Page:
Erosion is the process that wears away earth. This can occur naturally by water, wind or ice. During the erosion process bits of soil are moved, most often by water, to a new location. The soil particles being moved are called sediment. If you have ever seen a stream or creek that is brown in color after a rain storm, you have witnessed this process. As the muddy water slows down, it deposits the sediment carried in the water in a new location. This occurs in slow pools within the stream and at the mouth of streams or rivers. When sediment accumulates at the mouth of a stream or river we call it a delta.
We most often think of erosion occurring along a riverbank, but water and wind can remove soil from other areas as they interact with the top layer of soil. Trees, grasses and other plants help to slow this process. As humans disturb the land for agriculture, development, or any other purpose, the erosion process is accelerated.
Accelerated erosion causes two issues for the environment and our resources. The first issue has to do with where the sediment ends up. Sediment in streams can greatly impact the life in that stream. A stream bottom should be freestone with the spaces between the stones used as habitat for small organisms and where fish lay their eggs. As sediment is deposited in these cracks fewer organisms can live in a stream.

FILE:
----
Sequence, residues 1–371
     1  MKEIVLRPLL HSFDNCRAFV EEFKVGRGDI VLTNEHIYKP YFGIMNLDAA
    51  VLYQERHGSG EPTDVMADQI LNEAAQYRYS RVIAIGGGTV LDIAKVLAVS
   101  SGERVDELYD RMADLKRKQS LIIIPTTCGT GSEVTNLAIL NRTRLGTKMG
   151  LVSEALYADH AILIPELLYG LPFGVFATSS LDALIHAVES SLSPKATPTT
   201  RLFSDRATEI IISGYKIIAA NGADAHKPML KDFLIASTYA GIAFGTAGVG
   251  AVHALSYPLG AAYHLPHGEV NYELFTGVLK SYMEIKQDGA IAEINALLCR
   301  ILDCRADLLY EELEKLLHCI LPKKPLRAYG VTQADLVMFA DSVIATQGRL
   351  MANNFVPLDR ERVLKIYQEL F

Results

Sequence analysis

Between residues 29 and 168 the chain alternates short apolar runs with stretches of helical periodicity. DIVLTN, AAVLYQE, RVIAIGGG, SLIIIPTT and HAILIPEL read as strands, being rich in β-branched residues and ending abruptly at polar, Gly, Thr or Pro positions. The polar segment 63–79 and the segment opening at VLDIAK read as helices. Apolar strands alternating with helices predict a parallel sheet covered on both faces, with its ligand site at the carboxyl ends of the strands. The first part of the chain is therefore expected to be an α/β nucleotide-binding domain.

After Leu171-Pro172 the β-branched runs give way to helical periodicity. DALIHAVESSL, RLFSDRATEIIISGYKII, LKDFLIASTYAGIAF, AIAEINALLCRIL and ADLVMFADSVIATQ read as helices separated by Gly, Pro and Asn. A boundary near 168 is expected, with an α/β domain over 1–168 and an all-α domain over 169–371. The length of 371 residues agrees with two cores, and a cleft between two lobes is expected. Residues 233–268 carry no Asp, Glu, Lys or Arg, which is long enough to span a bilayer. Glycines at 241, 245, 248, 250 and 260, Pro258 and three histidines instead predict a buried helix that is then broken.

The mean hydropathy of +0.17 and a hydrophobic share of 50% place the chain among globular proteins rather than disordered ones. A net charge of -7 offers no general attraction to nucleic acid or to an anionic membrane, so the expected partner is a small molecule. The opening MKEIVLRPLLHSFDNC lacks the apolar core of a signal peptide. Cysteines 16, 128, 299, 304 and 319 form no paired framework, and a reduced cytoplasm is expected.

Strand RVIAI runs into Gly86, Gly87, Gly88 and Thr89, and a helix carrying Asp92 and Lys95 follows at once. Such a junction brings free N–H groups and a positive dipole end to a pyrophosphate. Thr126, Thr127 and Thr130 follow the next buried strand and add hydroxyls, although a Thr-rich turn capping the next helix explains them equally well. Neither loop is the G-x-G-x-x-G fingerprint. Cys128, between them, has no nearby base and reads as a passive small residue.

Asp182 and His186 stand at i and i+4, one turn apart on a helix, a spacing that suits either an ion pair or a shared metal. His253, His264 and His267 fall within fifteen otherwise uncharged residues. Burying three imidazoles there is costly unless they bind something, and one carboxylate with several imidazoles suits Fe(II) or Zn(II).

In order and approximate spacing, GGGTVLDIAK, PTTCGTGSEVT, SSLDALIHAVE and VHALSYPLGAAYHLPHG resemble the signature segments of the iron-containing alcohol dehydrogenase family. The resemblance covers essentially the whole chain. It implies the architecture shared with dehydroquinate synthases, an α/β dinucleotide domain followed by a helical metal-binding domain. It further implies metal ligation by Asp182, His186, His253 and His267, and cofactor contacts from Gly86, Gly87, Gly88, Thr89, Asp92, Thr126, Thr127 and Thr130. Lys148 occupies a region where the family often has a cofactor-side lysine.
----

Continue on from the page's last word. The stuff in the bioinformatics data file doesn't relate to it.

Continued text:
Sediment can also build up in lakes. This decreases the depth of the lake sometimes impacting the fish living there. It can also impact recreational activities such as boating. The second issue caused by accelerated erosion is the lack of soil in the areas where it has been washed away. Whether you are a farmer or a landowner just trying to have a nice lawn, topsoil is important. Most of Pike County has very rocky soils. The small amount of fertile topsoil present is very important to supporting plant life. If this topsoil is washed away it can take centuries to regenerate.
Keeping soil where it belongs is important. Everyone should look for ways to accomplish this. Follow us on Facebook or Instagram for ideas and tips to limit erosion.